Zen Master: Define the sound of simultaneous laughing and crying.
Zen Student: People trying to understand and measure human performance. Some Basic Truisms Everyone has a different definition of human performance ó and nothing is quite a frustrating as building your job around a set of floating definitions. This is often the case with jobs and job skills. Let me try to focus the issue by “floating” a few caveats:
- Organizations create jobs because they have problems that need solved (i.e., sales needs salespeople, marketing needs marketing people, accounting needs accountants, and so forth). Organizations do not create jobs because people need work (unless they are either relatives who can’t hold a job or potential voters).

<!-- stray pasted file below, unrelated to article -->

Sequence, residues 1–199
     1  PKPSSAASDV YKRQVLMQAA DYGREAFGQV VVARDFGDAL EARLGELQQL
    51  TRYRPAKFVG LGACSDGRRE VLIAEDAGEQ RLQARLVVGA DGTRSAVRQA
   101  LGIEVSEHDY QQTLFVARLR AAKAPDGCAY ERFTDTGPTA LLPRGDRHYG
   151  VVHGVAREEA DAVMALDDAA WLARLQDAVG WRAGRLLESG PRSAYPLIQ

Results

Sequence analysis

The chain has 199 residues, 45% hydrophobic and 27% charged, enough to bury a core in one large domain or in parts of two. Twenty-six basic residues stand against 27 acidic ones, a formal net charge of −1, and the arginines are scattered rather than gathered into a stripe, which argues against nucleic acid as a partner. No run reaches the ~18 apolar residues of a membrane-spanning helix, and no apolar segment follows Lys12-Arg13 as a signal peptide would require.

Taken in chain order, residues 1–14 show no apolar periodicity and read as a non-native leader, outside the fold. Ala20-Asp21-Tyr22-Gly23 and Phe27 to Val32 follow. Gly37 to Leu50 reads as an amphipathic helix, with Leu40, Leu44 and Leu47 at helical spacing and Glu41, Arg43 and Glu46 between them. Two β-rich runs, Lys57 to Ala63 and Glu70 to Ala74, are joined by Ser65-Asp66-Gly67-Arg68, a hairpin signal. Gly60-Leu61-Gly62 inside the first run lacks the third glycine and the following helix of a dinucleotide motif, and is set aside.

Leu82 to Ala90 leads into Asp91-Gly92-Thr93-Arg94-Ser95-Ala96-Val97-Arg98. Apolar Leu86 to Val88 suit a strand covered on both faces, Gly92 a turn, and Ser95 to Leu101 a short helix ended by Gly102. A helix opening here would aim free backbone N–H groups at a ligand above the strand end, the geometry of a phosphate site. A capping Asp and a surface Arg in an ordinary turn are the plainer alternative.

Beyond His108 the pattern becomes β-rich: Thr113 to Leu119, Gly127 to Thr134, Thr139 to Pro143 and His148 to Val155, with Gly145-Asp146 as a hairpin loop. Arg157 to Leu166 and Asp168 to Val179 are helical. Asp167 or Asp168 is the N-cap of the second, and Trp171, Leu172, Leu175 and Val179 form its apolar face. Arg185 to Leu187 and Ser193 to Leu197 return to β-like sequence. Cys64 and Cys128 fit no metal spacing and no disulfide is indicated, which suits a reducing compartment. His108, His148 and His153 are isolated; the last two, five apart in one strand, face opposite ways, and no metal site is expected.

- People are too different and complex to rank skills on a personal talent ladder that compares one person’s abilities to a reference point (unless you focus on an obvious set of talents like athletics, playing a musical instrument, singing, and so forth).
- Although there may be a great deal of similarity between jobs, no two jobs are exactly alike (i.e., managers differ, conditions differ, cultures differ, and so forth).
- No one (potentially) knows the organization as well as the people who work there. If internal people don’t know what’s going on, it is not likely that anyone else will, either.